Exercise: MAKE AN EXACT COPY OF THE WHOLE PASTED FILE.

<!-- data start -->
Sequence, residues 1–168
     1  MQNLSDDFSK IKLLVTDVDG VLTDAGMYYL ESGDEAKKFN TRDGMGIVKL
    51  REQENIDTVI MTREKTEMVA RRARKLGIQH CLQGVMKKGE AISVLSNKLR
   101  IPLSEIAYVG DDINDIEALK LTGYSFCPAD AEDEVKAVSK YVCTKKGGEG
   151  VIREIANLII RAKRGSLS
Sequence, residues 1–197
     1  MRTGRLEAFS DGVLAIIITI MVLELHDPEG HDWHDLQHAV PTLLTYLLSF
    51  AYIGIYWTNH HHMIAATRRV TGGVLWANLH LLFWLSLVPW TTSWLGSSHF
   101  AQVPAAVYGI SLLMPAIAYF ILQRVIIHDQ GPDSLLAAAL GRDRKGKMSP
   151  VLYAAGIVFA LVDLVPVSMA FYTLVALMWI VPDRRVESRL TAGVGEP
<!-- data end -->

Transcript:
Sequence, residues 1–168
     1  MQNLSDDFSK IKLLVTDVDG VLTDAGMYYL ESGDEAKKFN TRDGMGIVKL
    51  REQENIDTVI MTREKTEMVA RRARKLGIQH CLQGVMKKGE AISVLSNKLR
   101  IPLSEIAYVG DDINDIEALK LTGYSFCPAD AEDEVKAVSK YVCTKKGGEG
   151  VIREIANLII RAKRGSLS
Sequence, residues 1–197
     1  MRTGRLEAFS DGVLAIIITI MVLELHDPEG HDWHDLQHAV PTLLTYLLSF
    51  AYIGIYWTNH HHMIAATRRV TGGVLWANLH LLFWLSLVPW TTSWLGSSHF
   101  AQVPAAVYGI SLLMPAIAYF ILQRVIIHDQ GPDSLLAAAL GRDRKGKMSP
   151  VLYAAGIVFA LVDLVPVSMA FYTLVALMWI VPDRRVESRL TAGVGEP